Between 26 and 28 weeks, your healthcare provider will most likely order a glucose challenge, which is sometimes called a glucose tolerance test.
Designed to test for gestational diabetes, the glucose challenge results can have a tremendous effect on your pregnancy planning and prenatal nutrition.
Initially, a one-hour test is performed by having you drink 50 grams of a glucose solution. In one hour, your blood will be drawn to check your glucose level; normal levels should be less than 130mg/dL. If your results are abnormal, a three-hour glucose tolerance test will be recommended.
The three-hour glucose tolerance test requires that you not eat or drink anything for 8 to 12 hours prior to the test. Again, you will be asked to drink a sugary solution (ask your healthcare provider about substituting Brach’s jelly beans) followed by blood draws to check glucose levels at one hour, two hours and three hours (some healthcare providers request the initial test at 30 minutes). You will most likely feel shaky following this test, so take a carbohydrate/high-protein snack (i.e., peanut butter crackers) with you to eat at the conclusion of the test.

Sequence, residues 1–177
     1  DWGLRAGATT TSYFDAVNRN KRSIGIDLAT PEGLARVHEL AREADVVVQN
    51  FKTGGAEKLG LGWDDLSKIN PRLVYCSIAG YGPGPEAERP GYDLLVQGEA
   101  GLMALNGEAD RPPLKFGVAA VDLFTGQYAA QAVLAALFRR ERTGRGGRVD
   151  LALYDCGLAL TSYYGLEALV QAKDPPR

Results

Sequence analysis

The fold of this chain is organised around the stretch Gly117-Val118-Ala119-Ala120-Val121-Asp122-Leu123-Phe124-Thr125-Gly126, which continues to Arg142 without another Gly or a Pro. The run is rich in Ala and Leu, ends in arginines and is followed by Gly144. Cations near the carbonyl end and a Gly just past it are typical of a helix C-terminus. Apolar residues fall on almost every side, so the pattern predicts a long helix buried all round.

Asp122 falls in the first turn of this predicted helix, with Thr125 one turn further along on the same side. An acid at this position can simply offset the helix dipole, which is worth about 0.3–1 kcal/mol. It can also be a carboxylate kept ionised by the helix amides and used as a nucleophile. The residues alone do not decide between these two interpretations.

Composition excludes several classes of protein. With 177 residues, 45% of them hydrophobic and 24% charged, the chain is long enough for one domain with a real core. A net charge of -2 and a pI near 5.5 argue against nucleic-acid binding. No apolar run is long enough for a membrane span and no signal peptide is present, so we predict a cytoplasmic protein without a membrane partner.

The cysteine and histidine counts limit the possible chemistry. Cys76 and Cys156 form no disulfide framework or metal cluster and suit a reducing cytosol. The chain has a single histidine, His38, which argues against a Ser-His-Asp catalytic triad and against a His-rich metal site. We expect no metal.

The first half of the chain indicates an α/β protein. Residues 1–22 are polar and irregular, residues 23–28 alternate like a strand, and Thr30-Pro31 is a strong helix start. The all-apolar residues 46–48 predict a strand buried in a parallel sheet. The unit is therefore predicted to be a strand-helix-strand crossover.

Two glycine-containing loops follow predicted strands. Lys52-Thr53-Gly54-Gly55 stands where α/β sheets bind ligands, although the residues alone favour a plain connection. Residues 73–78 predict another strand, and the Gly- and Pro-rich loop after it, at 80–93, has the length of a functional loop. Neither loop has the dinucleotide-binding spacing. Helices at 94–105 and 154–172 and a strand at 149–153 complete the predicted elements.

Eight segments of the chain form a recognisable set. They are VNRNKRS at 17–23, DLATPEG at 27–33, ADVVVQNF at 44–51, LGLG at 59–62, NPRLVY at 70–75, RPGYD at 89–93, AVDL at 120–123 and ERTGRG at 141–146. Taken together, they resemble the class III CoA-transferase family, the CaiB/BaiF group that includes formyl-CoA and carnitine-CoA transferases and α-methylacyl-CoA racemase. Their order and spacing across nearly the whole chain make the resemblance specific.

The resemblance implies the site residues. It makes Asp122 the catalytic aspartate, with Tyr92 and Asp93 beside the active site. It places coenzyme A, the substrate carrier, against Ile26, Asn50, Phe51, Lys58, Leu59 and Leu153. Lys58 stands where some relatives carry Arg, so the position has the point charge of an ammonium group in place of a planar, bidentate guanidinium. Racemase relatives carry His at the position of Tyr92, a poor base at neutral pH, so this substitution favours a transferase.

If diagnosed with gestational diabetes, your next steps are to work with your healthcare provider and dietitian to manage your blood glucose levels throughout your pregnancy, possibly with dietary modification and/or insulin. Maintaining a sound diet and exercising regularly are absolutely vital for those diagnosed with gestational diabetes. This condition, which occurs in an estimated 2 to 5 percent of mothers, can lead to a large baby and therefore, a more difficult birth, cesarean birth and/or breathing difficulties for the newborn.
The birth of the baby and the placenta will most likely reverse the diagnosis of diabetes, although you and the baby will be monitored closely following birth. Remember, gestational diabetes can be a forerunner of Type 2 diabetes, particularly if you have a family history of the disease. Therefore, good nutrition and exercise will be an important part of your future.
- Women who have not been diagnosed with high blood sugar levels are still at risk for developing gestational diabetes. About 4 percent of pregnant women are diagnosed with the condition, correlating to about 135,000 cases in the United States every year. Cases of gestational diabetes can often be controlled very well through diet, exercise and careful monitoring. However, these women may have an increased risk for developing Type 2 diabetes later in life.
- The cause of gestational diabetes is unknown, but researchers feel it may be linked to the performance of the placenta during pregnancy. The placenta supplies hormones that help the baby develop while potentially blocking the effectiveness of insulin in the mother’s body. What results is known as insulin resistance and means the mother’s body does not use insulin efficiently.